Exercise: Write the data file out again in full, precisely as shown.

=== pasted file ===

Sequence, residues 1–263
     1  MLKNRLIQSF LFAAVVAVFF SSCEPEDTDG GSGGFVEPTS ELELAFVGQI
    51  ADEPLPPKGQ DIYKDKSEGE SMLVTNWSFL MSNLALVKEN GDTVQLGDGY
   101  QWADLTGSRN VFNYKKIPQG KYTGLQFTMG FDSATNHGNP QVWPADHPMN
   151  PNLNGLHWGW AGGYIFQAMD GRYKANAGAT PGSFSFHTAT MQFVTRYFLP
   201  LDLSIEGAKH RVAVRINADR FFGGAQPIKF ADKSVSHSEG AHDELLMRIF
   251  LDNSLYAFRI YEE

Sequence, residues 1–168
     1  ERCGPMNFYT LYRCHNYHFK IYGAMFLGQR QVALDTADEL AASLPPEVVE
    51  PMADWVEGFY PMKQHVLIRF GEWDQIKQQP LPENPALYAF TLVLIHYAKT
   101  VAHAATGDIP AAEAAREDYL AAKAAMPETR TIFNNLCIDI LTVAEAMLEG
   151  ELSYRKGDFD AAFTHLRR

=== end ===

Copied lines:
Sequence, residues 1–263
     1  MLKNRLIQSF LFAAVVAVFF SSCEPEDTDG GSGGFVEPTS ELELAFVGQI
    51  ADEPLPPKGQ DIYKDKSEGE SMLVTNWSFL MSNLALVKEN GDTVQLGDGY
   101  QWADLTGSRN VFNYKKIPQG KYTGLQFTMG FDSATNHGNP QVWPADHPMN
   151  PNLNGLHWGW AGGYIFQAMD GRYKANAGAT PGSFSFHTAT MQFVTRYFLP
   201  LDLSIEGAKH RVAVRINADR FFGGAQPIKF ADKSVSHSEG AHDELLMRIF
   251  LDNSLYAFRI YEE

Sequence, residues 1–168
     1  ERCGPMNFYT LYRCHNYHFK IYGAMFLGQR QVALDTADEL AASLPPEVVE
    51  PMADWVEGFY PMKQHVLIRF GEWDQIKQQP LPENPALYAF TLVLIHYAKT
   101  VAHAATGDIP AAEAAREDYL AAKAAMPETR TIFNNLCIDI LTVAEAMLEG
   151  ELSYRKGDFD AAFTHLRR